I don’t want to get into Filioquist metaphysics. Confessionally, I am a Protestant and that means I am in the Filioque tradition. So let’s get this out of the way up front: do I hold to the Filioque? I think later Protestant thinkers, in terms of seeing it in Speech-Act format, perhaps have the resources to constructively engage this debate. But if we are asking do I hold to the Filioque in terms of Augustine, Thomas, and the 4th Lateran Council, the answer is absolutely not. It is dialectics.
I want to thank Jay Dyer for doing the leg work on this. Here is the problem: if you say that the Holy Spirit is from the Father’s (and Son’s) will, you are an Arian. Or so St Athanasius says:
Hence the Son, not being (for He existed at the will of the Father), is God Only-begotten , and He is alien from either. Wisdom existed as Wisdom by the will of the Wise God. (De Synodis).
That’s straightfoward enough. Arian theology says that the Son is a product of the Father’s will (and presumably, the Holy Spirit is a product of the Son’s). But here is what Western theology states:
Ludwig Ott: “The Holy Ghost proceeds from the will or the mutual love of the Father and Son.” (Sent. certa.).
Augustine: “But if any person in the Trinity is also to be specially called the will of God, this name, like love, is better suited to the Holy Spirit; for what else is love, except will?” (De Trinitate, Schaff edition, p.234).
Here a person of the Trinity is identified with the operation or attribute of God. The Filioquist can get out of this by saying Augustine is saying that the Holy Spirit *is* (=?) the will of the Father, not a product of the will of the Father. True, that is a different claim. But if will is a faculty (or operation or function) of essence, then the Holy Spirit is an operation of the essence–and now we are right back at saying he is a product of the essence.
2 thoughts on “Is the Holy Spirit a product?”
What of the non-Augustinian approach of modifying “of the Father and the Son” to “of the Father through the Son”? Some Orthodox seem ok with it, while others have a massive conspiracy theory about all error coming from the one clause. While I’m 100% against Augustine on this, I still think the Spirit must always be understood as conjoined to Christ, for His work is always in conjunction. The Word always comes in the Spirit. I’m not too keen on separating them, because you either get some weird social trinitarianism that verges towards either tritheism or modalism (think Joachim of Fiore and his intellectual progeny). I also don’t like the growing bifurcation between theology and the economy, which is all too common in some circles.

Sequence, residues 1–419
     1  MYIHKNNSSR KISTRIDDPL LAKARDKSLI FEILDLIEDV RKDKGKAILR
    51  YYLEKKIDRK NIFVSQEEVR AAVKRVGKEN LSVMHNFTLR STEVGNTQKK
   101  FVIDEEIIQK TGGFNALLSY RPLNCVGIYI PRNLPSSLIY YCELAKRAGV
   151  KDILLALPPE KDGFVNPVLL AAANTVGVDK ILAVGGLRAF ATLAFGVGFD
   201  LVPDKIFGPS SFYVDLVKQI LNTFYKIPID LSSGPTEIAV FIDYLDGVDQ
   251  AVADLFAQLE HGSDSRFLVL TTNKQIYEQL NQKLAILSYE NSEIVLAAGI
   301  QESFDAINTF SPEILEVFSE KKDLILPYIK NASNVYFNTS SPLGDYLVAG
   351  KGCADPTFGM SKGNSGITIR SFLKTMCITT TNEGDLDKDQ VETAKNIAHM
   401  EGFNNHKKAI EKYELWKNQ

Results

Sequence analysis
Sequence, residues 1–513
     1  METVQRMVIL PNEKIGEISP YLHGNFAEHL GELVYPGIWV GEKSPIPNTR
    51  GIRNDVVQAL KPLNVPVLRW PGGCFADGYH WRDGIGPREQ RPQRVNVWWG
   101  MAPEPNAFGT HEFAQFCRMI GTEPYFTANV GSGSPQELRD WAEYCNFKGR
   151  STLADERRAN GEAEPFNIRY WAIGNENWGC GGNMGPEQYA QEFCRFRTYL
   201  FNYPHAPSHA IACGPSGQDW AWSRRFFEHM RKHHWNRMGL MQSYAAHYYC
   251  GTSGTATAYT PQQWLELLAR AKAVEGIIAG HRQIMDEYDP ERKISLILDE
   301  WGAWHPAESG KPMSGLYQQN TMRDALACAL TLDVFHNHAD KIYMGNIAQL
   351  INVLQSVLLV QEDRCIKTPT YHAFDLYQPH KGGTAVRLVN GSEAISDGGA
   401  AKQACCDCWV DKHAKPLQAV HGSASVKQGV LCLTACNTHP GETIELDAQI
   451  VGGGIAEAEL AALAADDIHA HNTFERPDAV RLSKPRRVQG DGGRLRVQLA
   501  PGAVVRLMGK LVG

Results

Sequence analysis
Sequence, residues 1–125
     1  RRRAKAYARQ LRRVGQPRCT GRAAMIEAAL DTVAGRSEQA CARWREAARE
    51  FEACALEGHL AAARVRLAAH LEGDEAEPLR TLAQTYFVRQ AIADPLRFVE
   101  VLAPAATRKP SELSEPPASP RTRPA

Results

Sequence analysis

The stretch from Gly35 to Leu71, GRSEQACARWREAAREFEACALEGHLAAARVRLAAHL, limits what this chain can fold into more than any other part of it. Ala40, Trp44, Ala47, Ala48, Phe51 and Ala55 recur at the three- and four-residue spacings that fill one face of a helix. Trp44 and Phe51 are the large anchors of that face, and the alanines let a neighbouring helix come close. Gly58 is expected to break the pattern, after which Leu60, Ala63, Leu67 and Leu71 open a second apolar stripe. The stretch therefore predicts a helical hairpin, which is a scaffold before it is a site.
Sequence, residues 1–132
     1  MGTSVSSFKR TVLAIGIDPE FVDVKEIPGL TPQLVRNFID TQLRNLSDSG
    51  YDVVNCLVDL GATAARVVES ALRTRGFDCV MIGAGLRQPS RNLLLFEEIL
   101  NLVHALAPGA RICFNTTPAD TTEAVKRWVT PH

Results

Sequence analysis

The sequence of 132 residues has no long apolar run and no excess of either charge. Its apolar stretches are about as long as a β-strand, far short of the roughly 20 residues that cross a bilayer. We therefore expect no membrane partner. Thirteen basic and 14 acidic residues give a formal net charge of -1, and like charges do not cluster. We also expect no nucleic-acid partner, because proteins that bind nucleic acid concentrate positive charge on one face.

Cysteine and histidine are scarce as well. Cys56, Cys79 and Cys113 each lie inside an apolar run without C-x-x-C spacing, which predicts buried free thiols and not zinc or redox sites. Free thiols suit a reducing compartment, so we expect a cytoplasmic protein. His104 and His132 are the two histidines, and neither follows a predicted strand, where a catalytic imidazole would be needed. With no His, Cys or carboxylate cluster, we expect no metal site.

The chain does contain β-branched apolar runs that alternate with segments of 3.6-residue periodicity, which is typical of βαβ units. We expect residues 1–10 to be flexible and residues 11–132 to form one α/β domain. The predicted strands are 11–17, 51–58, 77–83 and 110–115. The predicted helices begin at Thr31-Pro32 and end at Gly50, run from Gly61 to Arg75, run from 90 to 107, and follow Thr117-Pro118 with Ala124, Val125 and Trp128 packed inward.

If you look at Charismatic circles, you can see the problem pretty clearly. The Spirit is spoken of in terms that are either parallel or unique to the work of Christ. That split is really problematic.
that is acceptable language. Gregory II of Cyprus clarified that language to mean:
Gregory argues that the Spirit exists from the Father but has existence through the Son. The former denotes mode of origin. The latter denotes the eternal manifestation. The former is the internal life of the Trinity. The latter is the external self-revelation of God (Crisis in Byzantium 123ff). Thus, God exists not only in his essence but outside his essence. It is not the internal essence that is revealed but rather the divine life. Further, the Spirit goes forth and shines in the Son independent of mode of origin.